Home Again, Home Again; Now the Journey Begins

After 6,479.5 miles and 144 hours 31 minutes in the car, Sunday evening Jim and I returned home. It's Tuesday, and we've unpacked Mae and said goodbye to that trusty companion.

After 6,479.5 miles and 144 hours 31 minutes in the car, Sunday evening Jim and I returned home.

It’s Tuesday, and we’ve unpacked Mae and said goodbye to that trusty companion. We’ve cuddled the cat, watered the plants, and little by little are putting things back to the way they were. But not everything; not yet. Maybe never.

As I sit at my desk, looking out a window instead of a windshield, those 31 days on the road feel surreal. It would be easy to get back into the routine, such as it was, of our lives pre-road trip. Get up at 5 or 6 a.m., check my e-mail on my phone as I’m brushing my teeth, freak out because I’ll never be able to reply to all of those messages, forget to eat breakfast until Jim makes it for me, work straight through, stopping only for a hastily heated bowl of soup, figure out what to make for dinner and finally eat around 8:30 or 9. Go to bed and do it all over again.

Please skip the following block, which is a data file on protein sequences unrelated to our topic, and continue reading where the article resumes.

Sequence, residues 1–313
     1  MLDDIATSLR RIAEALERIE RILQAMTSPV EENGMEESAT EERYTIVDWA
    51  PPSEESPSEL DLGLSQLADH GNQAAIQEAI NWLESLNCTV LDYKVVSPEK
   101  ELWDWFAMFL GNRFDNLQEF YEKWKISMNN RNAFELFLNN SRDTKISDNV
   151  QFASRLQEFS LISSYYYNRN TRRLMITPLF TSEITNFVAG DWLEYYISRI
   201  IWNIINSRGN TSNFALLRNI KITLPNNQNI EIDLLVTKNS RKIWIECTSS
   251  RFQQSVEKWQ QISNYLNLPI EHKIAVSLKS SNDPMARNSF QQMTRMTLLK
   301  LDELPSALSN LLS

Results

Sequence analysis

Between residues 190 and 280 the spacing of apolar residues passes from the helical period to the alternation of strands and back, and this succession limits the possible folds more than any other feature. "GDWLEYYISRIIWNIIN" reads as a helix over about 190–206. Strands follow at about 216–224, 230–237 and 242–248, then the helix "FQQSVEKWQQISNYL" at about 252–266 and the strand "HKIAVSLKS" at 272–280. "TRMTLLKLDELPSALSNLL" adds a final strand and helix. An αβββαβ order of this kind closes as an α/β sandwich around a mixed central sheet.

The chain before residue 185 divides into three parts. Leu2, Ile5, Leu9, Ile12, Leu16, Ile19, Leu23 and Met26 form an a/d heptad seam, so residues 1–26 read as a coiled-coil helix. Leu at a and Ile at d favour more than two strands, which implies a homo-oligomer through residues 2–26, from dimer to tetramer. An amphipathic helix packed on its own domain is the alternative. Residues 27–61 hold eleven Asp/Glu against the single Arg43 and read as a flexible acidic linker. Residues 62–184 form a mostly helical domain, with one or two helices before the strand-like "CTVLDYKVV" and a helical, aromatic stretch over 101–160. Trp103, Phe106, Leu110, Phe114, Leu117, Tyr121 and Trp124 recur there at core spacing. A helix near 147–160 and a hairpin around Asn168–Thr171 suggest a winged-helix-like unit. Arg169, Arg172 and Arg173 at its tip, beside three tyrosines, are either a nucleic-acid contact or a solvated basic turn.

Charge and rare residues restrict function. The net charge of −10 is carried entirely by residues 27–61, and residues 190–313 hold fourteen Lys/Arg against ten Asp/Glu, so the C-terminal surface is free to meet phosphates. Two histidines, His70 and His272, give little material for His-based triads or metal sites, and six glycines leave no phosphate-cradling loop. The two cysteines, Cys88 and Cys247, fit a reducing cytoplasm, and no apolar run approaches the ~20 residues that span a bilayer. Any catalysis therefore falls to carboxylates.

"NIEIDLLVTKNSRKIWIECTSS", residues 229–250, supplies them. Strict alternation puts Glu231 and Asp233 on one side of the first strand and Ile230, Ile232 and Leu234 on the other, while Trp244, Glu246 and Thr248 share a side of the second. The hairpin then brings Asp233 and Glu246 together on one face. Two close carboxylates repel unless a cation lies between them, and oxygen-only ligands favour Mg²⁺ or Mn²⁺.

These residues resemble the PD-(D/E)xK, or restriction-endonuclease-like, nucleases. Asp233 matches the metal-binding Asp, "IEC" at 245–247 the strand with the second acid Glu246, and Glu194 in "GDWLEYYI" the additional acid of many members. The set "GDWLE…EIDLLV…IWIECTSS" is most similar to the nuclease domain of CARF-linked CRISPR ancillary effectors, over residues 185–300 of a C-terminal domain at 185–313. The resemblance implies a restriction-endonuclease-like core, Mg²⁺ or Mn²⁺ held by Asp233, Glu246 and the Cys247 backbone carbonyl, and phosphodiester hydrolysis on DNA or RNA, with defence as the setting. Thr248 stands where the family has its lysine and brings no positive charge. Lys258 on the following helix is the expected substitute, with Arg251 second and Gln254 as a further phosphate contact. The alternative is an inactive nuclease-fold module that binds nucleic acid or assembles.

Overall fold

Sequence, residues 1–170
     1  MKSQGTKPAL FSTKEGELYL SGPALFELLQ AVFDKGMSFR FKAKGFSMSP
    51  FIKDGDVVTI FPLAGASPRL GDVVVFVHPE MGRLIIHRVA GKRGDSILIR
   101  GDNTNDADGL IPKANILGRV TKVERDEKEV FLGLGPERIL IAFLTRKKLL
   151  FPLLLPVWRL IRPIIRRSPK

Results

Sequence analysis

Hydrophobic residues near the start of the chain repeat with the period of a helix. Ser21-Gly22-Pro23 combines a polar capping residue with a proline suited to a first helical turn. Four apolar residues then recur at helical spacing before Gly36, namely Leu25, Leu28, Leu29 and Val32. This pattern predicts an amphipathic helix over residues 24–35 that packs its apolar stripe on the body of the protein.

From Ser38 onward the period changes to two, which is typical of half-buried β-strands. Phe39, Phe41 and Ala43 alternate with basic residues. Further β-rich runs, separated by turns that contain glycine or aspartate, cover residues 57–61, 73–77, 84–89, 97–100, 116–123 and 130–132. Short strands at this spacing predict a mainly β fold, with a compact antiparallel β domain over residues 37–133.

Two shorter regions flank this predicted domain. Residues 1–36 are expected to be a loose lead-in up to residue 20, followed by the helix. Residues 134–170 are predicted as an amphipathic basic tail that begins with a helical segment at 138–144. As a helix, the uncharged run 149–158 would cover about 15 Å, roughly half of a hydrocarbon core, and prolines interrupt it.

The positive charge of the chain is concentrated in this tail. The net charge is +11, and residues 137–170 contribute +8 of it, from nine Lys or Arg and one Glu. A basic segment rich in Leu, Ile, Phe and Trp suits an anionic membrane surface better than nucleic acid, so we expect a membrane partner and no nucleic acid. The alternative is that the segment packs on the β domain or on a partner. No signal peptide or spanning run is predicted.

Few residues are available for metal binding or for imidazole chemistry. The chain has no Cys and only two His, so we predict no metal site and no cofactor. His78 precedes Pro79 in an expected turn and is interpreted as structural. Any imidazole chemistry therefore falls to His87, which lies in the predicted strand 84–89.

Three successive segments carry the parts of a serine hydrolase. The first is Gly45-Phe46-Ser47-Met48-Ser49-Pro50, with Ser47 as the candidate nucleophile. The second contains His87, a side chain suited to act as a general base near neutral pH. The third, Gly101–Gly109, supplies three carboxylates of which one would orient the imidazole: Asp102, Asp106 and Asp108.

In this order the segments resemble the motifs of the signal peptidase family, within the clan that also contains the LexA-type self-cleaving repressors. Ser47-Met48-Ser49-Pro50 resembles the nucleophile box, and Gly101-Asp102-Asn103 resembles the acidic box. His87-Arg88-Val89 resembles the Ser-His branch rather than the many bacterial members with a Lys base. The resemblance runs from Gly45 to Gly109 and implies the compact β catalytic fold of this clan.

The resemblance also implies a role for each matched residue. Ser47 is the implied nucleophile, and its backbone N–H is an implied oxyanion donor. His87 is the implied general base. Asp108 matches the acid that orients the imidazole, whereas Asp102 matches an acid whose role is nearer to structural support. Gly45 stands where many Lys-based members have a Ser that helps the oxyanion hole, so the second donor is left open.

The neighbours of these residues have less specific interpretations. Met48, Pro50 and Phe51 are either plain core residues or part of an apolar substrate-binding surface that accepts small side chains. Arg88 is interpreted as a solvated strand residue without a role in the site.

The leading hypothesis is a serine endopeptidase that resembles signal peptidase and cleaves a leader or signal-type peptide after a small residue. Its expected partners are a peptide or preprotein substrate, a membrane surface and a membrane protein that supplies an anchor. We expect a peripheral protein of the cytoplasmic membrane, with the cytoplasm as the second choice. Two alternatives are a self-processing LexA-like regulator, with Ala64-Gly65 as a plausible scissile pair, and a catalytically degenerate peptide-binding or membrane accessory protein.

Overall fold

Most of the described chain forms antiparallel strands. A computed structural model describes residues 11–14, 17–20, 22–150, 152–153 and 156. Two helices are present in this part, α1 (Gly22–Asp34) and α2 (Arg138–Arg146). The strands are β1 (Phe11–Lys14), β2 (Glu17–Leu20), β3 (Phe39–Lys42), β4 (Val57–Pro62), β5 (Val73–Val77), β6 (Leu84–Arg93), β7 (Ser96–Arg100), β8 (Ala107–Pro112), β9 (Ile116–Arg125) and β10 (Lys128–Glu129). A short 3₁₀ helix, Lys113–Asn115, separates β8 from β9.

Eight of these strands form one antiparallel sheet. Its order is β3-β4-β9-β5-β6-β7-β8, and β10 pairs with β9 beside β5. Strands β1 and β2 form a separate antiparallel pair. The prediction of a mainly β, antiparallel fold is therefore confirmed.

I don’t want to do that any more. After this trip, I don’t think I can.

When every day is different, routine is lost. One morning I’d cook sausage and eggs on the Coleman stove, wearing five layers to keep warm, and the next we’d be eating strawberry scones in a century-old homestead. Lunch was a turkey and ham wrap before hiking in the canyons of Southern Utah, or an avocado club sandwich as we waited for our scenic train to depart in Arizona. Dinner was just as varied, and there were many nights when I was asleep by the time we’d normally be sitting down to eat at home.

Frequently we had no connection; that combined with our packed schedule meant I couldn’t slavishly check my email. And you know what happened? Nothing. Or, I should say, exactly what should happen. My autoresponder provided instructions for the most oft-received requests, and it worked, keeping the messages that required action to a minimum.

I worried traffic would plummet. It was up 15%. 

By stepping away from something that’s consumed most of my waking hours for more than a decade, I’ve realized that it doesn’t have to control my life. I can find balance, and I can create something new without losing what I’ve already built.

We covered thirteen states in thirty-one days, but the real journey begins now. 

The photo was taken at Bryce Canyon. I was thrilled to be standing in shorts in the snow – something that’s definitely not in my normal routine!